Toolbars are one of the main ways of interacting with Opus - they let you perform operations on files and launch programs. Some important points to note about Opus toolbars are:

  • All toolbars and menus in Opus are configurable via the Customize function.
  • In Opus, toolbars and menus are the same thing.
  • Toolbar buttons can run internal commands, scripts and launch external programs, and can pass along the names of selected files and other information automatically.
  • Toolbar buttons can have associated hotkeys that let you launch the function from the keyboard rather than the mouse. From the Customize dialog you can elect to always enable a toolbar's hotkeys - even if the toolbar isn't current open, its hotkeys will still work.
  • Toolbars can either be displayed in the Lister, or can be floating on the desktop, or both. You can even float multiple copies of the same toolbar if desired.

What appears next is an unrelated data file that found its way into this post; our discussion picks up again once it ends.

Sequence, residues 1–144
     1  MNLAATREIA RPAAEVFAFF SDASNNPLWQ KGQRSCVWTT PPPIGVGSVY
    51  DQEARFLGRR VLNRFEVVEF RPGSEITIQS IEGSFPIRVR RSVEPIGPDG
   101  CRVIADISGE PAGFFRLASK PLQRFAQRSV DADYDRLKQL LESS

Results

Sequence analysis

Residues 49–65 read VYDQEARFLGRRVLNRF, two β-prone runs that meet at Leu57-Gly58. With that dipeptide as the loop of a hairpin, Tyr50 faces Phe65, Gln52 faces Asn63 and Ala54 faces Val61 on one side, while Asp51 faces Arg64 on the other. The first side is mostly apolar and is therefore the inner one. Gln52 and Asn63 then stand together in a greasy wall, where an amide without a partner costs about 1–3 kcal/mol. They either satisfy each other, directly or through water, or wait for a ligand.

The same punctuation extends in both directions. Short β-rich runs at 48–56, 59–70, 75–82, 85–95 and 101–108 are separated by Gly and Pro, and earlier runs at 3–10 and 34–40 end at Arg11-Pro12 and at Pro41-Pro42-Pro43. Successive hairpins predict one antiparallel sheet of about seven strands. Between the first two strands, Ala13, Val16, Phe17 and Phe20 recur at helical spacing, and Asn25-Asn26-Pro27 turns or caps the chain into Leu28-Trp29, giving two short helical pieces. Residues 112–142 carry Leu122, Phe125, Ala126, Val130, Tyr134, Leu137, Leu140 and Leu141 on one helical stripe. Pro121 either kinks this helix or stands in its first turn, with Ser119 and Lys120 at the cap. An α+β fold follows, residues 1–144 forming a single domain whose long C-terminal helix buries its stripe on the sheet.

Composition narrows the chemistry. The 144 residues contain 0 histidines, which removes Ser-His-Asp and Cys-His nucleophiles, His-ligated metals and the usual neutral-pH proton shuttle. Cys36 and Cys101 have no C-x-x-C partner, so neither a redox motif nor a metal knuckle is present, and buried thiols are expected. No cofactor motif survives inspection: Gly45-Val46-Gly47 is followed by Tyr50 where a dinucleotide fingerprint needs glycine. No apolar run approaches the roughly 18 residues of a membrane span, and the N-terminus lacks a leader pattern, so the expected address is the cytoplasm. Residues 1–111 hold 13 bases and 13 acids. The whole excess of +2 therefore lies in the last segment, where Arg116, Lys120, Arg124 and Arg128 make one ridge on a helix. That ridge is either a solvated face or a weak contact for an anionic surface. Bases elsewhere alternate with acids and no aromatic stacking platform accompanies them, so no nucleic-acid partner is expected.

• Toolbar buttons can consist of a text label, a graphical image, or both.
  • Toolbars can be set to appear automatically when changing to a certain display mode, or visiting a certain folder.
  • Multiple toolbars can be saved to a Toolbar set which can then be reloaded later.
  • Specific Listers can be saved with their own toolbars using the Lister Layouts system.
  • The toolbars that a Lister displays by default are stored in what is known as the Default Toolbar Set - this is used whenever a Lister doesn't have its own set of toolbars defined in the Layout it came from. Use the Settings / Toolbars / Set As Default Toolbar Set command to update your default toolbar set if you want to change which toolbars are used by default.
  • Opus ships with five factory-default toolbars - you can edit them but you can't delete them. You can create as many other toolbars as you want.

You can turn toolbars on and off using the list in Customize, from the Settings / Toolbars menu, or by right-clicking an empty space on any toolbar to bring up its context menu.


The Default Toolbars
Dynamic Toolbars
Toolbar Sets